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State Lawmaker To Again Seek Legalizing Same-Sex Marriage

Roseville's John Marty contends: "I don't think human rights should be put up to the vote of people."

Minnesota's marriage debate, which took center stage during this past fall's state elections, now appears headed for an airing at the state Capitol.

State Sen. John Marty, DFL-Roseville, told Patch he plans to introduce a bill within the next two weeks that would lift Minnesota's ban on same-sex marriage. (To see an earlier Patch story on this topic, click on this link.)

"I don't think anyone's rights should be subject to public opinion," Marty said. He was referring to the failed attempt by conservatives and traditionalists this past fall to enact a state Constitutional amendment that would have legally defined marriage as only being between one man and woman. (Click on to this Patch report for background.)

"Why is government telling the churches who they can marry or who they can't?," asked Marty, who has previously introduced legislation to legalize same-sex marital unions.

The veteran lawmaker said he wants to give churches the freedom to perform same-sex marriage. But Marty his leglslation will also respect the rights of churches not perform same-sex marriages.

"I want to be respectful in this conversation with the Catholic Church," whose doctrine opposes same-sex marriage, Marty said.

Nevertheless, Marty added the Catholic Church shouldn't impose its views on other people or churches. That's like telling someone else "not to eat that donut because it offends my diet," he said.

Some state lawmakers, like , have said they want to focus on budget issues in 2013 and deal with same-sex marriage in the 2014 sesssion.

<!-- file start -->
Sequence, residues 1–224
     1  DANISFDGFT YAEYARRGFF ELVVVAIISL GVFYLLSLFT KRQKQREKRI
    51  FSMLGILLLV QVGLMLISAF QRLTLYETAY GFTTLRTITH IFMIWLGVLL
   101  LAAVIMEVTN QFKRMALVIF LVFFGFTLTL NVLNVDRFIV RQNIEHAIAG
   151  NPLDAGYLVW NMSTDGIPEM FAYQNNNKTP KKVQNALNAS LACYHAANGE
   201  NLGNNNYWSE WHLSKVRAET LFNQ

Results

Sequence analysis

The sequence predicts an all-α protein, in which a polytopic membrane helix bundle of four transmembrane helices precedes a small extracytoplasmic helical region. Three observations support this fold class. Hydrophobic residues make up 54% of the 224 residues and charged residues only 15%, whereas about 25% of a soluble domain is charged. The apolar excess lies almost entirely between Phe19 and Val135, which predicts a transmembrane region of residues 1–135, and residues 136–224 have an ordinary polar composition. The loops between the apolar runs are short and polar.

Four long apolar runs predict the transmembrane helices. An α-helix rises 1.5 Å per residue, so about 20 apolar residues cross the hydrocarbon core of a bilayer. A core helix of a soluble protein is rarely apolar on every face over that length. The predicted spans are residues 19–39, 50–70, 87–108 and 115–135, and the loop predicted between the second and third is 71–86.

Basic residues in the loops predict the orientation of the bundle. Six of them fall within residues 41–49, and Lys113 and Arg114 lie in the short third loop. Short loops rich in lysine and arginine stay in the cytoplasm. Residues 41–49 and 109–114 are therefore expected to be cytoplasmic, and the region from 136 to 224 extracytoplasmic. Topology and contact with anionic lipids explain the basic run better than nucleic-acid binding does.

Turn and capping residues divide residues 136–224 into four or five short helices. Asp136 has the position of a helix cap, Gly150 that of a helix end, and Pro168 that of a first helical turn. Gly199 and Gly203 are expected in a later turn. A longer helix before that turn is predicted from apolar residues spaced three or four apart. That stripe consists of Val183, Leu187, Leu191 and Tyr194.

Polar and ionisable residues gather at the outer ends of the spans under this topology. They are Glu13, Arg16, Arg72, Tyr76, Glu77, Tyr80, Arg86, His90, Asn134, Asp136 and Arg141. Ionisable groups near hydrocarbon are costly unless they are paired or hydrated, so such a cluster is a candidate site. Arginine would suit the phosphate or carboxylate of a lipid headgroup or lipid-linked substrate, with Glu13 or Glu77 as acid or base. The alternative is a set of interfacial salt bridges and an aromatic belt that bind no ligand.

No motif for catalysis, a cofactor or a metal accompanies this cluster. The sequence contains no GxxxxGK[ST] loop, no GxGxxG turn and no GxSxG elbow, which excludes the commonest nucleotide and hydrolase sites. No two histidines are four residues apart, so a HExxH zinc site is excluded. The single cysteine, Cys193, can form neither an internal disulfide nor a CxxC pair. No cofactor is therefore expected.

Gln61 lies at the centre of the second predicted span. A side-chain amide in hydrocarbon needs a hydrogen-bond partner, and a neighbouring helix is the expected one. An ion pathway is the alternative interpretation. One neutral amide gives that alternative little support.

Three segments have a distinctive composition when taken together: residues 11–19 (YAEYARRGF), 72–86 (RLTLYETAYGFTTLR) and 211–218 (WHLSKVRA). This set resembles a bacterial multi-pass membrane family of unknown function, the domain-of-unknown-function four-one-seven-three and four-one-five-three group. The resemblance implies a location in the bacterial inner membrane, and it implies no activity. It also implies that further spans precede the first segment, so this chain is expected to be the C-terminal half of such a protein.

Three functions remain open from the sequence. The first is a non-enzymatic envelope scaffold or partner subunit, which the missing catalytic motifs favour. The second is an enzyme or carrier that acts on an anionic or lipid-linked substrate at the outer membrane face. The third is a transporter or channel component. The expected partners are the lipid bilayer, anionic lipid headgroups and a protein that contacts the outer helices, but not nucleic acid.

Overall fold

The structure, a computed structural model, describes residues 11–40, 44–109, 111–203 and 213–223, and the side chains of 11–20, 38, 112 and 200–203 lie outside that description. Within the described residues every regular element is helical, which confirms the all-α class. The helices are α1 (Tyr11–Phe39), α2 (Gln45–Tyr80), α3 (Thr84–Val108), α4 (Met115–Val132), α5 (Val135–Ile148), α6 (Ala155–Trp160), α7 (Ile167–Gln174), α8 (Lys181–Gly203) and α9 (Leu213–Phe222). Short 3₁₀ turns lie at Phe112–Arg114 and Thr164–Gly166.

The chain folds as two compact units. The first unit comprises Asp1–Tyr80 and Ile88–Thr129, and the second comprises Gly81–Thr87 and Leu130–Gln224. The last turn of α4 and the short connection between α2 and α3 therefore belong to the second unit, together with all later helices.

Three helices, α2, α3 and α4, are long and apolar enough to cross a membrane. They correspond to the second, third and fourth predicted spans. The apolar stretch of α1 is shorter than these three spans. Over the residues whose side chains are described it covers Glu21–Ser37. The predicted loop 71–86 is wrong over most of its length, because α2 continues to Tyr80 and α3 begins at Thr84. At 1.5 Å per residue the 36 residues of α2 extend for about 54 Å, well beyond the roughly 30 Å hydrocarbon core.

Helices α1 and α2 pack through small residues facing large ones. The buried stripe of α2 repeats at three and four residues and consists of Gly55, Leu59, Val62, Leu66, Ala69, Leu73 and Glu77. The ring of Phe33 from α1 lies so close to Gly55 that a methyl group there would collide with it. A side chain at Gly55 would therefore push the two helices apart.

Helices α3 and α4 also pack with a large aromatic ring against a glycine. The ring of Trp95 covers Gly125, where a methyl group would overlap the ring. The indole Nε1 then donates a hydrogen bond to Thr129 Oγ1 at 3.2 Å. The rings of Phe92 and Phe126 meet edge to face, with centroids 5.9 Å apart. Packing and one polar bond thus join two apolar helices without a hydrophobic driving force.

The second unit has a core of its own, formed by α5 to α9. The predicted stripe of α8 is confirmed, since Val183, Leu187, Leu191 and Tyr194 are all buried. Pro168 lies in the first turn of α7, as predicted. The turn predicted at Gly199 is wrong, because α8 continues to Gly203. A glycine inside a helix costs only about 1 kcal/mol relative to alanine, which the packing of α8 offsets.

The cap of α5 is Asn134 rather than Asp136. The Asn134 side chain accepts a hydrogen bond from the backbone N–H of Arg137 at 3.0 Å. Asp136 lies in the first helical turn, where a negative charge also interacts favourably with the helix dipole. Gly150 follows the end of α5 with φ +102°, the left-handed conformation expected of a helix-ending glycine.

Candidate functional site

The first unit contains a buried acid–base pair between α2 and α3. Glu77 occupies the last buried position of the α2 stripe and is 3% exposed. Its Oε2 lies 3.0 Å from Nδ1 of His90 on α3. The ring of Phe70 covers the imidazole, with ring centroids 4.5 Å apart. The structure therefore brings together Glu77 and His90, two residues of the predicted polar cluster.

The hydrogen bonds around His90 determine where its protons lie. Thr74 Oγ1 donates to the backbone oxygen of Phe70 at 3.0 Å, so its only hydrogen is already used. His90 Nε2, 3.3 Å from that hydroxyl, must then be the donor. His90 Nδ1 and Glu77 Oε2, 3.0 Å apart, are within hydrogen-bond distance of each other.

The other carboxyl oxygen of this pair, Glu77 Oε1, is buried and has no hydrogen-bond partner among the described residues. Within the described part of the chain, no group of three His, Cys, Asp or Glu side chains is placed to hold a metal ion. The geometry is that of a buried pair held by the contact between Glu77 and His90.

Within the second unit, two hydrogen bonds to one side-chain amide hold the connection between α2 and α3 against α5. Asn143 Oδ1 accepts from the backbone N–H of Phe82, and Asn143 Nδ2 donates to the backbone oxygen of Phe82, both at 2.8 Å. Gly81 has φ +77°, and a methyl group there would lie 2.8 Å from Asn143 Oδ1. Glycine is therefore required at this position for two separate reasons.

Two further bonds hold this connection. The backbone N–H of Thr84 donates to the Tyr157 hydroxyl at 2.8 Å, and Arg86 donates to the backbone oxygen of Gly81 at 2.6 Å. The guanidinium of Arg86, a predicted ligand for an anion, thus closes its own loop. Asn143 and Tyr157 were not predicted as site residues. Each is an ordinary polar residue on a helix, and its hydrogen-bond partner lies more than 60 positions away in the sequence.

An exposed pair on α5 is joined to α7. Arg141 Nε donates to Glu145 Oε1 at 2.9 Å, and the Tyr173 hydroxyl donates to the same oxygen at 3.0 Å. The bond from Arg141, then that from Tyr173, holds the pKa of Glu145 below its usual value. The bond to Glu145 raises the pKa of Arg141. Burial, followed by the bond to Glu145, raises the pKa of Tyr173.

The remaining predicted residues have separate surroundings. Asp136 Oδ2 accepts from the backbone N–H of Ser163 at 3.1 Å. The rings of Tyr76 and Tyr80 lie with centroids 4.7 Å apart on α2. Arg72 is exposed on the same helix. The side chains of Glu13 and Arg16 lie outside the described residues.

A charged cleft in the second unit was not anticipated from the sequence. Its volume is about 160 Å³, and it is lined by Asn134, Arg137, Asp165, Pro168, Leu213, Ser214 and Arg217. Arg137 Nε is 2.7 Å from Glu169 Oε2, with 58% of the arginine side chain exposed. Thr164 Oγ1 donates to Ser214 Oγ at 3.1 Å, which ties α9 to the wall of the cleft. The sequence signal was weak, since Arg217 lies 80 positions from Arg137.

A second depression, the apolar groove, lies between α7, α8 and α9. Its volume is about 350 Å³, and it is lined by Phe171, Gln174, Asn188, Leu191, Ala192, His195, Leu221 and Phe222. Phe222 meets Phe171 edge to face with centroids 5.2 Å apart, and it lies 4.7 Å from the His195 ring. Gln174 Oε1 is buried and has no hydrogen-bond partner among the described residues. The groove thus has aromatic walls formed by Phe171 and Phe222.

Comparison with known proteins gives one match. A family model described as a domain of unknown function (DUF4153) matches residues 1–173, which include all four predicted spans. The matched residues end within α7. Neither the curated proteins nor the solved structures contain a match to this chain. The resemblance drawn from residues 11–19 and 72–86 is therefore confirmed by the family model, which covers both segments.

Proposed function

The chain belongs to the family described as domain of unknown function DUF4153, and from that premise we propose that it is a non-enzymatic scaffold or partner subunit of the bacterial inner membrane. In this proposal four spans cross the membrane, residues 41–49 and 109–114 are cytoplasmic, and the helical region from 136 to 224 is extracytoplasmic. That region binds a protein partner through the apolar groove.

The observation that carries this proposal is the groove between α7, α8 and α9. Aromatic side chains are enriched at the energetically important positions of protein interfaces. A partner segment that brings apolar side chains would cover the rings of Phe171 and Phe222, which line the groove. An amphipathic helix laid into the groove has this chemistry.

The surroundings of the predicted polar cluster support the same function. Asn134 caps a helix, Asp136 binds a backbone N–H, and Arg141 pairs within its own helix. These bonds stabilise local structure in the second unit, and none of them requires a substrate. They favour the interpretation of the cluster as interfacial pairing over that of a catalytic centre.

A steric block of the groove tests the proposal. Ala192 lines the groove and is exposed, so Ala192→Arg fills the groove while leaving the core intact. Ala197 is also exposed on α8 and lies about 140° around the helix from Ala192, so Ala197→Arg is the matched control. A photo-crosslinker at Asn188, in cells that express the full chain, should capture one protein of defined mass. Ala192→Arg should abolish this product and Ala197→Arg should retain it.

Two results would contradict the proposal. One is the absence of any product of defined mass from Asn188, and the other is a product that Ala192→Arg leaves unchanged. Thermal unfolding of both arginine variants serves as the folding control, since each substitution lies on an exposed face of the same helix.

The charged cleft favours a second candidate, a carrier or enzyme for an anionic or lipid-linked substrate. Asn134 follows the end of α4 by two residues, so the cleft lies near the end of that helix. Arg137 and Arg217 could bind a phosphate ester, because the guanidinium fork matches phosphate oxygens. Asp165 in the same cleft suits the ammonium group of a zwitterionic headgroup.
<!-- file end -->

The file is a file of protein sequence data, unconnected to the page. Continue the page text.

While the state budget should be the Legislature's top priority for 2013, the gay marriage issue shouldn't be delayed, Marty said.

"This something that shouldn't have to wait," Marty said. He added the issue need not be a big distraction, that the Senate's Judiciary Committee should hold a hearing on the matter, vote it up or down and, if it passes, bring it to vote of the full Senate.

"This should not be a big time-consuming thing," Marty contended.

Tony Nickelsen January 10, 2013 at 07:08 PM
I agree with Sen. Goodwin, now is not the time to discuss social issues right after such an emotional vote this past election on the Marriage Act. Balancing the state budget needs to remain our legislatures top priority going into the 13' legislative session.
JusticeMatters January 12, 2013 at 03:04 PM
Leave it to the DFL to ignore the true needs of Minnesota residents and instead take up their own agenda...yet again.
yomammy January 12, 2013 at 03:21 PM
yep---wait for "do it for the children" to get every possible pet project thru....
Dan Johnson March 19, 2013 at 04:41 PM
Marriage it is a fundamental right of the individual. The only eligibility requirement for fundamental rights is being human. Reasonable restrictions may be made only when a compelling and legitimate governmental interest can withstand judicial scrutiny. Most can agree with the courts that reasonable restrictions include age, ability to demonstrate informed consent, and not being closely related or currently married. Gender alone is not a restriction. While churches may place any restrictions they choose on their own ceremonies, the government can only restrict fundamental rights when a compelling and legitimate justification can be demonstrated. Procreation ability has never been a requirement for marriage, and therefore fails as a legitimate qualification. Yet even that irrational excuse for discrimination ignores the fact that gay people can and do reproduce, and are raising children either biologically related or adopted. Denial of equal treatment under the law provides nothing to opposite sex couple families. It only harms same sex couple families needlessly. Gay couples are seeking to be treated equally under the laws currently in effect, in the remaining states that do not yet recognize their marriages, and by the federal government. Neither tradition nor gender provides a legitimate governmental interest sufficient for denial of this fundamental right.

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